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Skunk is becoming more and more of a problem in Ireland - it is not 'simply cannabis'

Immediate action is needed to tackle the issue, drug campaigners say.

Image: cannabis via Shutterstock

DRUG CAMPAIGNERS HAVE warned that skunk is already an issue in Ireland, and action needs to be taken now before the effects of the drug take hold.

A Channel 4 documentary, broadcast Tuesday night, has sparked debate on the potent strain of cannabis.

It can have several times the level of THC, cannabis’s active ingredient, and less CBD, which generally balances out the effects.

A recent study revealed that those who smoke skunk are more likely to develop psychosis.

Mark Kennedy from Merchants Quay Ireland said cannabis is extremely common, but it is often difficult to pin down exactly what strain is being smoked.

He said that for most users of the services offered by the project, they would be using a range of drugs, which cannabis would often form part of.

The prevalence of the drug, and a lack of knowledge of its effect, is ‘definitely an issue in Ireland’, the chairwoman of CityWide Drug Crisis Campaign said

Anna Quigley told TheJournal.ie that cannabis was never been seen as a major problem in many communities, despite its position as the most common illegal drug in the State.

“This skunk, or simply weed as its frequently referred to now, is not the same drug at all,” she said.

It hasn’t been a big issue until recently. We wouldn’t have heard of it as a particular issue of concern.

Quigley said there is still a lack of awareness of what skunk is, and of its effect, and noted it is especially prevalent among younger generations.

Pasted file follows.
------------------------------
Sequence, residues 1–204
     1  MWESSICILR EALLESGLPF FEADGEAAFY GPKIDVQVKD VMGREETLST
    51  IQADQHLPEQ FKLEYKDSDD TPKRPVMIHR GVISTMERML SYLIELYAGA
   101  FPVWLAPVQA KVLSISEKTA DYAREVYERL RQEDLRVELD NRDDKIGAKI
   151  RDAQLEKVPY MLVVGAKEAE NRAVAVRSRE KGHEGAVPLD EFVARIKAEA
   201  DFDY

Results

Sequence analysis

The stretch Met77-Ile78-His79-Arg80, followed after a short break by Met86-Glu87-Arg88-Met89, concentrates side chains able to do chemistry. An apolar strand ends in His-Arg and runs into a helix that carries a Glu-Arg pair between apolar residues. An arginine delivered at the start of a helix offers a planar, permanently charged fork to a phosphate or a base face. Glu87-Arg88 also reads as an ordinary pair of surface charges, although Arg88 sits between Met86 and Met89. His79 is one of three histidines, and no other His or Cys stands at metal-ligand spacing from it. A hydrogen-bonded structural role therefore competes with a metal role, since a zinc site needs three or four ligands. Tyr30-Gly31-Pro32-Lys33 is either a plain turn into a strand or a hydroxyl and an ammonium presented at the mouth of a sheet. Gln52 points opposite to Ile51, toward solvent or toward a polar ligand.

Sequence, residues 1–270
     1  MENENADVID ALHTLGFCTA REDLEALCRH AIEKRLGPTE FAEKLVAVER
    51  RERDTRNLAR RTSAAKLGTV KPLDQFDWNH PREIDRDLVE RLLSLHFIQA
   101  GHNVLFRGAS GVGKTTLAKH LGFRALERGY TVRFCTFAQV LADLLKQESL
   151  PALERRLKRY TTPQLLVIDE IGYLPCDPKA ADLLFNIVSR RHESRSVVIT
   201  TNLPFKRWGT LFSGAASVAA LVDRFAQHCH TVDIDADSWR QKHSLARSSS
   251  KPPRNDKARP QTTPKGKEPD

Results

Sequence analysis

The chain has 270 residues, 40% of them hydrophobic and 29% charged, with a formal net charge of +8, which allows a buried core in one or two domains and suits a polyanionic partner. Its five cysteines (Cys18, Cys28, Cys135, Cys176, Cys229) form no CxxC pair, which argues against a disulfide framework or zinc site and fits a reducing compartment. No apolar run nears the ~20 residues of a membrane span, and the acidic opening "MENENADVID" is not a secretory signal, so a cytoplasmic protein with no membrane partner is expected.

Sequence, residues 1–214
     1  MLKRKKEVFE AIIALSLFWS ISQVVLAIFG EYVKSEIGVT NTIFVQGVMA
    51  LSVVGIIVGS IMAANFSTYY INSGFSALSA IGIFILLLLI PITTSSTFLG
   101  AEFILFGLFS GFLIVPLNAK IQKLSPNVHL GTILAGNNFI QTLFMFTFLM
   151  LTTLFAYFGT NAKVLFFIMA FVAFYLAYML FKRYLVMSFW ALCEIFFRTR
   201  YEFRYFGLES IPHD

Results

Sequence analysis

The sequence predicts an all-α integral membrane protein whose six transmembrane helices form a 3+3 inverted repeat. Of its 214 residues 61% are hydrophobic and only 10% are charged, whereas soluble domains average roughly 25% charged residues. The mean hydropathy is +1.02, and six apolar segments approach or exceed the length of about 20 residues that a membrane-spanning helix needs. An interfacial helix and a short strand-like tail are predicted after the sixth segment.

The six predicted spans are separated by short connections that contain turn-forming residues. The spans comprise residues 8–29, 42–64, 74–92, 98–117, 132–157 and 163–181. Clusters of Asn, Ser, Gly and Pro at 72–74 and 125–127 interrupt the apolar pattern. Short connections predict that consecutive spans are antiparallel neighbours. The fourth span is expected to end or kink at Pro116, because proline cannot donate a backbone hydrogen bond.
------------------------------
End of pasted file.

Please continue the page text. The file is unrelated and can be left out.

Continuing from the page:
“Parents would know to flag other drugs like heroin as serious problems, but some people still view it as simply cannabis, and that it’s not as bad.”

Data from the mid-nineties showed the average THC content of cannabis in Ireland at around 1.5%.

According to the National Advisory Committee on Drugs, strains with a THC content of as high as 16% have been discovered in recent years.

“We need need a very strong strategic response, but there isn’t the political leadership,” Quigley said.

Policy is always catching up on problems, after a few years when the extent of the issue is fully realised.

The Government hinted earlier this week that it may be about to tackle the issue of drugs with the destination of a dedicated minister.

Responding to questions in the Dáil from Deputy Pat Rabbitte, Taoiseach Enda Kenny said that responsibility for the National Drugs Strategy could be ‘designated to an existing suitable Minister of State’.

Read: Here’s what you missed when people took drugs on Channel 4 last night >

About the author:

Nicky Ryan

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